10/24/2018 | Diagnose & Treat

A clinicians guide to side strains in cricket fast...

Adam Smith describes the patho-anatomy of a side strain and outlines clinical tests to assess, treat and determine readiness for return to play for a cricket fast bowler. Side strains have been reported in a variety of sports, including javelin throwers, baseball pitchers, tennis players, golfers, and cricketers. This article, however, focuses on side strains... MORE

Joint injuries

08/29/2019 | Shoulder injuries

Frozen shoulder: new solutions to a sticky issue?

In the first of this 2-part article, Andrew Hamilton discussed the etiology of ‘frozen shoulder’ and the efficacy of conservative treatment options. In part two, Andrew examines the evidence for the benefits or otherwise of newer, more technological therapies for this condition including pulsed radiofrequency therapy and guided ultrasound. As we saw in part one of... MORE

01/23/2019 | Shoulder injuries

Sternoclavicular joint dysfunction: a rare diagnosis

Trevor Langford reviews the anatomy and biomechanics of the sternoclavicular joint, explains how joint dysfunction presents in athletes and non-athletes, and provides treatment options for a sternoclavicular joint sprain or dislocation. Injuries of the glenohumeral joint (GHJ) and the acromioclavicular joint (ACJ) are commonly diagnosed, while injury to the sternoclavicular joint (SCJ) is frequently overlooked during... MORE

12/31/2018 | Ankle and foot injuries

Sinus tarsi syndrome: a possible source of lateral ankle...

Chris Mallac explains the etiology of sinus tarsi syndrome, and outlines diagnosis and management options for clinicians. Sinus tarsi syndrome (STS) is a frequently misdiagnosed condition in which patients have pain over the lateral aspect of the ankle (the sinus tarsi region) with an ‘unstable’ sensation in the rearfoot. STS sufferers usually have a history... MORE

Diagnose & Treat

09/19/2019 | Tools and technology

Smooth movement: the benefits of isokinetic training

Andrew Hamilton looks at recent evidence for the benefits of using isokinetic strength training in rehabilitation. The goals of clinicians and trainers involved in the care and rehab of athletes are simple: firstly, to try and prevent the occurrence of injury, and secondly, to help rehabilitate those athletes that succumb to injury as rapidly as... MORE

09/6/2019 | Diagnose & Treat

Concussions: let’s get the diagnosis right!

Caralyn Baxter explores the topic of incorrect concussion diagnosis and argues that clinicians must avoid falling into the ‘head hit plus symptoms equal concussion’ mindset. Concussion, once contact sport’s dirty little secret, is today’s injury buzzword. In the last 15 years, lawsuits filed against several large organizations, including the National Football League, spread awareness of concussion... MORE

08/22/2019 | Diagnose & Treat

Game of throws part II: upper extremity injuries

While George R.R. Martin says, “Some old wounds never truly heal, and bleed again at the slightest word,” in his epic series Game of Thrones, this doesn’t have to be the case for those soldiering on in water polo matches. In part II of this series, Alicia Filley advises on how to manage upper extremity... MORE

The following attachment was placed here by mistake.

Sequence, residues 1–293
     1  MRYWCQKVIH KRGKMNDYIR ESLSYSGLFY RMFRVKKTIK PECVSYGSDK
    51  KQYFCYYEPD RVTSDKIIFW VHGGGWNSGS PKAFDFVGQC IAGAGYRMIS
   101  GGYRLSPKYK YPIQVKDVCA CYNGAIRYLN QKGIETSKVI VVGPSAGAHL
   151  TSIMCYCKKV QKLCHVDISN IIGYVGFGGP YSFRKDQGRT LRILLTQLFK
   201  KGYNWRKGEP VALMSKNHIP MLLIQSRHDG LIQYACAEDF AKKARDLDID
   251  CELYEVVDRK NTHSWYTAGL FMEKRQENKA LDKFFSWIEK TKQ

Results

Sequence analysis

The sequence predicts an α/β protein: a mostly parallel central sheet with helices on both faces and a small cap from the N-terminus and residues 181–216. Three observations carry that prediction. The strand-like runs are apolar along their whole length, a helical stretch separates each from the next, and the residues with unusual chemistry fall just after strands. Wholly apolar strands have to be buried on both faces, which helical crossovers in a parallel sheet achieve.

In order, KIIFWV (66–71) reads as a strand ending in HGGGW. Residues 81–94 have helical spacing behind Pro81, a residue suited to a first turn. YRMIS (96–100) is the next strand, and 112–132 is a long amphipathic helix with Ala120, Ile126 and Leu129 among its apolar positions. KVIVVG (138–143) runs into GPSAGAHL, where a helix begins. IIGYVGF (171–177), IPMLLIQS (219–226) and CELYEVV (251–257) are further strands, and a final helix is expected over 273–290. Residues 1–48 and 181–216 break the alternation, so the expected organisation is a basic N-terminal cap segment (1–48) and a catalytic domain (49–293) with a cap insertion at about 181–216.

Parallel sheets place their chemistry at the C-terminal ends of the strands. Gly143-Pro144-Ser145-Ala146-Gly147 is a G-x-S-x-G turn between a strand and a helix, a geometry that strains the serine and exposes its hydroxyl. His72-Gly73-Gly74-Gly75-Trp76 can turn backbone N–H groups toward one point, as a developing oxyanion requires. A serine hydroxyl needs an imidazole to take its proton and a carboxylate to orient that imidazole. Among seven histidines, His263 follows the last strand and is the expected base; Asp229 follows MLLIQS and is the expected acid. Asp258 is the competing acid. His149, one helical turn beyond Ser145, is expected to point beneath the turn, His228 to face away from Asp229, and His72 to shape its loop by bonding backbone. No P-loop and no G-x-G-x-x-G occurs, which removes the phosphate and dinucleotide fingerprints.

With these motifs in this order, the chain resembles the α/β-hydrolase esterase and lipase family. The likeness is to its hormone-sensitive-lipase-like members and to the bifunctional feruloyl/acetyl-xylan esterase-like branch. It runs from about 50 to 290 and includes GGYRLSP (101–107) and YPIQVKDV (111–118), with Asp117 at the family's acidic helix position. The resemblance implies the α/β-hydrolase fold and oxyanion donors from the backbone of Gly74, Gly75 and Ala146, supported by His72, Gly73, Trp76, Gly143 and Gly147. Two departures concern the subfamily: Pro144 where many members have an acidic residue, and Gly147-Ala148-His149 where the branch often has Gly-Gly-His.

09/17/2019 | Email Newsletters

Giving recovery the squeeze

Some time ago, editor Alicia Filley explored the effectiveness of graded compression garments (GCGs) on athletic performance and recovery for our sister publication Peak Performance. As she explained, the theory behind the use of GCGs by athletes stems from the regular application of their usage in the medical field. In hospitals, GCGs are worn by... MORE

09/13/2019 | Tools and technology

Shock and awe: the role of ESWT in healing...

Following on from our recent article on the use of extracorporeal shockwave therapy in adhesive capsulitis, Chris Mallac takes a wider look at this mode of treatment and investigates a number of other sporting injuries where its use might be appropriate and beneficial. Extracorporeal shockwave treatment (ESWT) was developed over 40 years ago to disintegrate urinary... MORE

09/11/2019 | Email Newsletters

Not ready to return to sport after ACLR? Bring...

Anterior cruciate ligament (ACL) tears are the bread and butter for many an outpatient orthopedic practice. Still, physios the world over would happily go into semi-retirement if they could improve the outcomes of ACL repairs (ACLRs). As it stands today, just over half of the 250,000 to 300,000, who suffer an ACL injury in the... MORE


Patellofemoral pain: sorted!

Patellofemoral pain (PFP) affects one in six adults with complaints of knee pain(1). What causes PFP remains equivocal. Multiple factors are thought to contribute to anterior knee pain. The elusive origins of PFP may be the reason that 40% of people affected lack significant improvement after a year of treatment(1). Researchers at the University of... MORE


10 ways to improve ACL outcomes without adding additional...

Sportsmen and women, as well as members of the general population, injure their anterior cruciate ligament (ACL) more than any other ligament. The exact incidence is hard to pin down. What we do know is that around 50% of athletes who suffer an ACL tear never return to the same level of play(1). In addition,... MORE


Think we’ve said everything about tendinopathy? Think again!

Nearly 50% of sports injuries occur at the tendon(1). That tough yet semi-elastic piece of connective tissue that connects muscles to bones still seems to be the weak link in athletic movement. As Alicia Filley reviews, we’ve come a long way from thinking of it as a purely inflammatory problem. We now know that there... MORE

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